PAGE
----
PRINT November 1999


Frances Stark

Frances Stark is an artist and writer who lives in Los Angeles. Her work is on view in LA at Marc Foxx (through November 13) and China Art Objects (Nov. 11-Nov. 26). She is the author, most recently, of The Architect & the Housewife (Bookworks, London).


    “Without taking sides with either the Now or the Then in matters of taste, as one usually does when faced with such a juxtaposition, he felt his mind abandoned by both sides without an instant’s hesitation, and saw in it only the great demonstration of a problem that is at bottom a moral problem. He could not doubt that the transience of what is regarded as style, culture, the will of the time, or the spirit of an era, for which it is admired, was a moral weakness.” ROBERT MUSIL, THE MAN WITHOUT QUALITIES (Vintage International, 1996).


    My mother seriously engaged with the Norton family’s 1996 Christmas gift. Each year the collectors send out a multiple edition to members of their (apparently) large holiday mailing list. “OBLIQUE STRATEGIES” is a deck of cards adapted from Brian Eno and Peter Schmidt’s “One Hundred Worthwhile Dilemmas,” revised by Peter Norton and designed by Pae White. During a recent visit, my mom discovered the cards and, unprompted, began sorting them into six small piles on my couch. Weird. She informed me that each pile corresponded to one of the “Six Basic Essence Laws: expansion, concentration, freedom, order, identity, and interaction.” It turns out my mother’s been reading the same books as Eno.


    This year the BASEL ART FAIR fell between a dental convention and a trade show for chemists. I only know this because I happened to be staying in a Swiss hotel located between the site of Thomas Mann’s Magic Mountain and the place where Nietzsche wrote Thus Spake Zarathustra. It’s always nice to consider what things fall between.

  4. WWW. WM3.ORG

    You may have heard of the WM3 “witch trial” from the 1996 HBO documentary “Paradise Lost: The Child Murders at Robin Hood Hills.” This website is dedicated to freeing the WM3, three West Memphis, Arkansas teens (now adults) convicted of killing three eight-year-olds despite the lack of physical evidence linking them to the supposedly satanic and ritualistic crime. Damien Echols, a nascently charismatic iconoclast, was deemed the mastermind, probably thanks to his heavy-metal bookishness. When I saw the documentary three years ago, I became enamored of Echols as he defended a series of red underlines in a book on witchcraft he bought for five cents at a library sale, as well a journal entry copying a damning quote from Shakespeare. Now he’s a seasoned death-row inmate, sentenced to die by lethal injection. Unbelievable.


    “The classic word association game” lures you and your friends into the negative space of your vocabulary. The object, of course, is to prompt your partner to say the password by providing a single word clue. You don’t need to buy the game to play, but the vinyl password-decoding envelopes are attractive and portable. I keep the game handy and wind up playing more often than I care to admit.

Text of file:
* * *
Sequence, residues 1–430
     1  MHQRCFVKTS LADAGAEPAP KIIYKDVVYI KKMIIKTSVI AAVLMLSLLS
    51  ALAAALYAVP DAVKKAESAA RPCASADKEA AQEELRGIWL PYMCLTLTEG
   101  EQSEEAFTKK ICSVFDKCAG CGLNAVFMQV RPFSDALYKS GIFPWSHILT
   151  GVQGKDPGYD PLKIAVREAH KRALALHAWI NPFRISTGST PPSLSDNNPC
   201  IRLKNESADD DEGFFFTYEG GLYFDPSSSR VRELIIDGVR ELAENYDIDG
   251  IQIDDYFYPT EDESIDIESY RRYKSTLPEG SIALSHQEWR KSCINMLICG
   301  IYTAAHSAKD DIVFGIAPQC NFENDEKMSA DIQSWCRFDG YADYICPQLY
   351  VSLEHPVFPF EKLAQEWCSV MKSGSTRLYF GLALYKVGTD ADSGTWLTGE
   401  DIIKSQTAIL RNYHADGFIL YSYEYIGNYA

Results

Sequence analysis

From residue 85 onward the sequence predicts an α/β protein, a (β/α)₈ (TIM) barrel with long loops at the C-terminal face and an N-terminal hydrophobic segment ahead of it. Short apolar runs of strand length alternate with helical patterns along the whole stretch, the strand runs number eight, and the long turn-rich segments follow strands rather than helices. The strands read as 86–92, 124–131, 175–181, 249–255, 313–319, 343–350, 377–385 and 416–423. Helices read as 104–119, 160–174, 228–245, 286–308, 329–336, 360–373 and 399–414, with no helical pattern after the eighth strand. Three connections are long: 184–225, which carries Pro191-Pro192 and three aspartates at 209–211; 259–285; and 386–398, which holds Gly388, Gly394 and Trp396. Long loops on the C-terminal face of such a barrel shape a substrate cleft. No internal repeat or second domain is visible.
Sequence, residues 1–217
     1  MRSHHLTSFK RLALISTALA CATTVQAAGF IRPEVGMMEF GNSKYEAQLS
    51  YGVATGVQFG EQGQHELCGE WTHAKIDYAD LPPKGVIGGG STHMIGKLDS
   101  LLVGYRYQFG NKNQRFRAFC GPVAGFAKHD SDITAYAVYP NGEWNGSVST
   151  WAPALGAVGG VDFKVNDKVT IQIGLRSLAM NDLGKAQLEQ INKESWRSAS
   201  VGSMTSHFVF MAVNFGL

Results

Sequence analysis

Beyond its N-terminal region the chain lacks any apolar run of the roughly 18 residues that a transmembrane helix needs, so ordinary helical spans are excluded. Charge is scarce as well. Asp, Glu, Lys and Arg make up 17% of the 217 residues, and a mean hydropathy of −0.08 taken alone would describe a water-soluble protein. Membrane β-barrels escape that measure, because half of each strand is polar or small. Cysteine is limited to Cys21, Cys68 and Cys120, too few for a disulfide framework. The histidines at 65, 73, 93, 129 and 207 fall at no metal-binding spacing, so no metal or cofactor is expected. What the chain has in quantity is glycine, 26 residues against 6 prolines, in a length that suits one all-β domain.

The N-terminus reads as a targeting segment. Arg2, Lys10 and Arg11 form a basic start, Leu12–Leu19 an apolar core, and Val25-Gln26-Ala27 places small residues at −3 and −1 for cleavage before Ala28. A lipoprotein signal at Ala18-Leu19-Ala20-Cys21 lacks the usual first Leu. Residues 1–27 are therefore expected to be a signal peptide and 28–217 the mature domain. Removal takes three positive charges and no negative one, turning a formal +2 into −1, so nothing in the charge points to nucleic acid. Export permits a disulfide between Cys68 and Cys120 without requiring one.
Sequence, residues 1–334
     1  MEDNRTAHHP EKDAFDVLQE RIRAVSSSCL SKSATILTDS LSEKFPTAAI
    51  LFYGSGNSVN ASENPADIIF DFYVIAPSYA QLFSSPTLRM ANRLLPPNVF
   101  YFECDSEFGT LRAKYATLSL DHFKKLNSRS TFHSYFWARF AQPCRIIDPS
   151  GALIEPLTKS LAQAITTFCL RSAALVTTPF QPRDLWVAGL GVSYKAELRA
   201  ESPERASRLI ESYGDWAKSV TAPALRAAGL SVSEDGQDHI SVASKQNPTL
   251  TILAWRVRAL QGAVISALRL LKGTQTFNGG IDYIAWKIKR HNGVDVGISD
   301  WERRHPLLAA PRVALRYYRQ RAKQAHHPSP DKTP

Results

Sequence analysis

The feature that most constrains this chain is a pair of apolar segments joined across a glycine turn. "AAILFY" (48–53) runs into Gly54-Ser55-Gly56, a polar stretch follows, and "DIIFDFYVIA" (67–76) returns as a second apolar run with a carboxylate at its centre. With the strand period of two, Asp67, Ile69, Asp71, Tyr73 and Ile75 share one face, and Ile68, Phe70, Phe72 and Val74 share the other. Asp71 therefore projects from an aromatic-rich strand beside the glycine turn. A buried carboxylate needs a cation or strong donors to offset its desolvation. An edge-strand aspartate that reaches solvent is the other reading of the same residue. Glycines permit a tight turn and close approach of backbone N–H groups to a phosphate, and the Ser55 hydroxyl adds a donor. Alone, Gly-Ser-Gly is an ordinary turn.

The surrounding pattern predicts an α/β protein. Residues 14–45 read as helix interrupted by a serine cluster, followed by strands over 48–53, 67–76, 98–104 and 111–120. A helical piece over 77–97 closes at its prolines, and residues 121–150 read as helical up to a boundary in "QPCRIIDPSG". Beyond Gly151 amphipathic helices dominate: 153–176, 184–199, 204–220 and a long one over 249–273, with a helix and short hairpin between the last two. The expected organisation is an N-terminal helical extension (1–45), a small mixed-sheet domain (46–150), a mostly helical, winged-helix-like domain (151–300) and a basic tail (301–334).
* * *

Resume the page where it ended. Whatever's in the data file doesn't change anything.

I'd been hired to teach a class called “Theory as Practice,” and I began discussing my problems with another writer. She suggested that I take a look at a 1958 essay by William Gass that compares William “Varieties of Religious Experience” James to his novelist brother, Henry. Gass pits theory against practice and suggests that “though William [theory] was the superior thinker, Henry [practice] had the superior thought.” While the essay itself is a bit lopsided, the mere juxtaposition of moral philosophizing with fiction writing is provocative. “The more [the moral philosopher] struggles to understand, appreciate, and rise, the more instead he misses, debases, and destroys.” A fitting caution for a teacher.


    As part of an exhibition at the LA County Museum, artist STEPHEN PRINA delivered a semi-lengthy yet somehow succinct preface to a certain song explaining how, early on in his musical career, his band performed at a place some of the local professors would frequent. After one of these performances, the band told him excitedly that John Cage had been in the audience. Then he announced to us, “This is the song” he performed that night and segued into Carole King’s “It’s Too Late.” Tears were actually shed, and not just by me.


    I first met this Ukranian transplant from Winnipeg when he invited the entire class of graduate students into his studio for some free art. I’d never before witnessed such frenzied looking and rampant admiration in a school setting. I went home with a stack of free collages—debris glue-gunned into weird figures rife with sentiment. My latest acquisition cost $40 and features one anthropomorphic concoction saying “I love you” to another, whose reply reads “That’s where the similarities between us end.”


    For an hour a week, one can relish the eloquent disembodied voice of the philosopher who popularized Zen Buddhism. He’s fond of mentioning Wittgenstein, and he lets out these weirdly naughty laughs that one rarely comes across in print.

  10. OUR DUMB CENTURY (Three Rivers Press, 1997)

    The Onion’s collection of faux newspaper items has been on the “New York Times Bestseller List” for I don’t know how long. Even so, it’s a superhysterically funny parody of front-page stories—a satisfying blend of criticism and cuss words that comes very close to saying: Fuck the system.